Couples going through a divorce in Massachusetts have many tough decisions to make. In addition to child custody and support concerns, couples are left with the task of dividing the marital property between them. When this happens, couples should not only consider their immediate needs but also their long-term financial goals, such as retirement.
For example, many spouses wish to keep family home after a divorce. However, a home's equity can fluctuate over the years, not to mention the many unexpected expenses that are part and parcel of owning a home. Comparatively, money stashed away in an account such as a 401(k) may be a more stable source of income when it comes to retirement.
In addition, it is important for a couple to ascertain the actual value of a retirement account during the property division process. Some accounts, such as a 401(k) or an individual retirement account, will be taxed when the retiree makes withdrawals. However, other types of accounts, such as a Roth IRA, will not be taxed upon retirement. Couples should keep the tax consequences of any retirement accounts in mind when determining who gets what after the divorce.
Massachusetts is considered an equitable distribution state. Unlike community property states, which will divide any marital property equally after a divorce, in equitable distribution states the judge has discretion as to how to divide the property between the spouses. Retirement accounts are just one asset that the court will divide. Other assets may include houses, cars and joint bank accounts. Sometimes these assets will be awarded to either one spouse or another, but other times these assets will be sold and the proceeds will be divided between the spouses. However, in equitable distribution states this division may not be 50/50.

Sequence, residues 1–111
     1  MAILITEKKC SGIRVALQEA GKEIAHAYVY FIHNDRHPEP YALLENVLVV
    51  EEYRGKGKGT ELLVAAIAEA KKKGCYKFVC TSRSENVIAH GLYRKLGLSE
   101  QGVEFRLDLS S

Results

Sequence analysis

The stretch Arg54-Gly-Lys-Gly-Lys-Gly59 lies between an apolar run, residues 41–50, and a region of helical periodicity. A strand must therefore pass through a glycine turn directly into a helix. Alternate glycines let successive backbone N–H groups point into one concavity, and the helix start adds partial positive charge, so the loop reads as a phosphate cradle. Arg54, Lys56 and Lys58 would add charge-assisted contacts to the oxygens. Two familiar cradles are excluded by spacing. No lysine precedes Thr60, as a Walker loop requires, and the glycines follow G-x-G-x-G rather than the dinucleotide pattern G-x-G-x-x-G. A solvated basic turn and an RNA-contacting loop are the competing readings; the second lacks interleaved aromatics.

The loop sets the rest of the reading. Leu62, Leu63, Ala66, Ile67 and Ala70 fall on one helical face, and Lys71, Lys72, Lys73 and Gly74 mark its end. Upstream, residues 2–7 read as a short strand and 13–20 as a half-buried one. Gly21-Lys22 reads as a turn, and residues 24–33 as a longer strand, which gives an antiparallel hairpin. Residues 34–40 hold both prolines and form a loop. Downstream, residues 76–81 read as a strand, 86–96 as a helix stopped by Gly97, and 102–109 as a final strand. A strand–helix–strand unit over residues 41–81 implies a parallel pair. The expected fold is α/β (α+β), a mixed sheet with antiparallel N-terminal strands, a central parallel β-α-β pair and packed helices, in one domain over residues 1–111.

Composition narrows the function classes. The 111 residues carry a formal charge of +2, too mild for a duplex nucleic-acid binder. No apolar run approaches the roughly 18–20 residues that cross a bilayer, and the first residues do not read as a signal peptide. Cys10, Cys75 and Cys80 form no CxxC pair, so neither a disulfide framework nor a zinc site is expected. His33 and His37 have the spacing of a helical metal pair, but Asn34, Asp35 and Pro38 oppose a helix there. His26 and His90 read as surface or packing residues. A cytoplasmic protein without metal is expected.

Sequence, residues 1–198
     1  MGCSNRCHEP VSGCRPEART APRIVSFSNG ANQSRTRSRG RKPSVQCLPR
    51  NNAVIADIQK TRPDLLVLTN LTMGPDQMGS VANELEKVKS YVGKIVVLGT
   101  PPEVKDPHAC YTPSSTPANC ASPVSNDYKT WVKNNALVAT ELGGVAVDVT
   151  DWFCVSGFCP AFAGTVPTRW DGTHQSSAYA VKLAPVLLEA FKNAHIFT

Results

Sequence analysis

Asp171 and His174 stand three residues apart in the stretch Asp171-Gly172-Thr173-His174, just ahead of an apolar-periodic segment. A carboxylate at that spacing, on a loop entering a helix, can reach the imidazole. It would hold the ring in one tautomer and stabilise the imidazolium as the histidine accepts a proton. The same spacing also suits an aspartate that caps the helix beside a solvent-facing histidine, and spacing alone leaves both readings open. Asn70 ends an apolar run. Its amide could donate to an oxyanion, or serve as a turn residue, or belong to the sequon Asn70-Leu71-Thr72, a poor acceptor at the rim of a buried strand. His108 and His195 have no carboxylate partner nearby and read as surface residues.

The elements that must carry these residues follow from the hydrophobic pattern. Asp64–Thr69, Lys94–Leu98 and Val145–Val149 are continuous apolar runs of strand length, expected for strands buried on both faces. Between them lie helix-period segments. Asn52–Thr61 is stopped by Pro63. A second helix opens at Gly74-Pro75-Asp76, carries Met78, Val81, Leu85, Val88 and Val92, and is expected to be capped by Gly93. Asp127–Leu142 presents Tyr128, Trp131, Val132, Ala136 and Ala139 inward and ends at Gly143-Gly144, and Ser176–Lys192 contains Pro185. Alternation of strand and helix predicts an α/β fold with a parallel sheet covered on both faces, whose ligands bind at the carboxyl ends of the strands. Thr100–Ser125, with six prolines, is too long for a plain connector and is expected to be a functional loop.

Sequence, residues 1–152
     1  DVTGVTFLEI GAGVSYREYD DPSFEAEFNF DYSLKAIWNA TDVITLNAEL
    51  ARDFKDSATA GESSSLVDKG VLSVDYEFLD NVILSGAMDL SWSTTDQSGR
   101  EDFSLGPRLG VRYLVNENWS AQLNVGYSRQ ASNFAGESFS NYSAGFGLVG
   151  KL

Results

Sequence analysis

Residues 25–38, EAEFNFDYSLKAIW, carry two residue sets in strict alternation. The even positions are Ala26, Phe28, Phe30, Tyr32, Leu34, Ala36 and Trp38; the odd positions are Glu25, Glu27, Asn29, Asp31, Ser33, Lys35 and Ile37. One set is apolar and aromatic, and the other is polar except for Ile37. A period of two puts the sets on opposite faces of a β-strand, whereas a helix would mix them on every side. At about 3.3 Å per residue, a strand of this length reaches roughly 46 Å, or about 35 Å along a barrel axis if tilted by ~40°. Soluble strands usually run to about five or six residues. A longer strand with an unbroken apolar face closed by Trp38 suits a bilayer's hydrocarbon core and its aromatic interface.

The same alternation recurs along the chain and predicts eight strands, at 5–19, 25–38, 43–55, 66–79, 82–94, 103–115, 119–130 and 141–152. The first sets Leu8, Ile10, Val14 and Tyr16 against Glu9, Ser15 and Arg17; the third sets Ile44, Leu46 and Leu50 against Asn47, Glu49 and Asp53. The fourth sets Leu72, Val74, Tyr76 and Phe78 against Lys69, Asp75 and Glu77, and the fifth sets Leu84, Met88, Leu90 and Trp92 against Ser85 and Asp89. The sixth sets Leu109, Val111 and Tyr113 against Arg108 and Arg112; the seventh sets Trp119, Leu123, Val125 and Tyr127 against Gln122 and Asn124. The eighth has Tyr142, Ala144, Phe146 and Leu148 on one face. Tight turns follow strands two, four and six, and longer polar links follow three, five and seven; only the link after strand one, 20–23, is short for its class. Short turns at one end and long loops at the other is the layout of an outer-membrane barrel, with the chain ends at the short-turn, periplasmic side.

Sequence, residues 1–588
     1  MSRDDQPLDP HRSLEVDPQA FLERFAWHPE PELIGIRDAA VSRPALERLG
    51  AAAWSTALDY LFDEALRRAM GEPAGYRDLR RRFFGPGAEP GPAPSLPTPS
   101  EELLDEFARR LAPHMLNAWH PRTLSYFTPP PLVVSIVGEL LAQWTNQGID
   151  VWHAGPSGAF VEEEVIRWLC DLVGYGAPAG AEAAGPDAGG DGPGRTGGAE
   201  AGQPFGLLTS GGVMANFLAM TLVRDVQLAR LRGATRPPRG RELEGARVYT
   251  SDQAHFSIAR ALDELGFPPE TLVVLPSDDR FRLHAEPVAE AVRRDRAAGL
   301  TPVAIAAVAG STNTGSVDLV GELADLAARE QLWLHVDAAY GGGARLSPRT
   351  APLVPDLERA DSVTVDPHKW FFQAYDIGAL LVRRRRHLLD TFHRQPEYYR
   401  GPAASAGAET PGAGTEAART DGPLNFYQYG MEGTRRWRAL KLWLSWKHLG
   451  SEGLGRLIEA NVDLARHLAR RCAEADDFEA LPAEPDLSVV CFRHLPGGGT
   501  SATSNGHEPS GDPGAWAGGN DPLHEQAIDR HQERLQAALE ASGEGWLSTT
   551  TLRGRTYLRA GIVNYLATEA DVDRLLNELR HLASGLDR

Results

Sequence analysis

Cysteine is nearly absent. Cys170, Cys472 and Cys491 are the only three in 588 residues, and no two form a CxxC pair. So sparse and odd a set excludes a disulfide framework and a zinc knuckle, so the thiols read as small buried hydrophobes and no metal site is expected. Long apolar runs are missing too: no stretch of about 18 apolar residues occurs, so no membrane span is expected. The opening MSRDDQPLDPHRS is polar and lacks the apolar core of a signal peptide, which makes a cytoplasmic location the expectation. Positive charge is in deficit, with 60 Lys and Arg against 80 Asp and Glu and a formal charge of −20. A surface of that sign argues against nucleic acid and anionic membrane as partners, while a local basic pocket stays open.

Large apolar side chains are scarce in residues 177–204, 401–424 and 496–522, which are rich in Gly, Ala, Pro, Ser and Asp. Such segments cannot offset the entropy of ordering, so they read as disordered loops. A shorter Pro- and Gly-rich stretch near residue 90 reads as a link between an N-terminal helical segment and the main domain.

The end of a marriage can be seen as a new beginning for many spouses. By keeping retirement considerations in mind throughout the divorce process, each spouse may be able to preserve their future economic stability.
Source: Huffington Post, "4 Divorce Mistakes That Can Derail Retirement," Marilyn Timbers, Aug. 27, 2013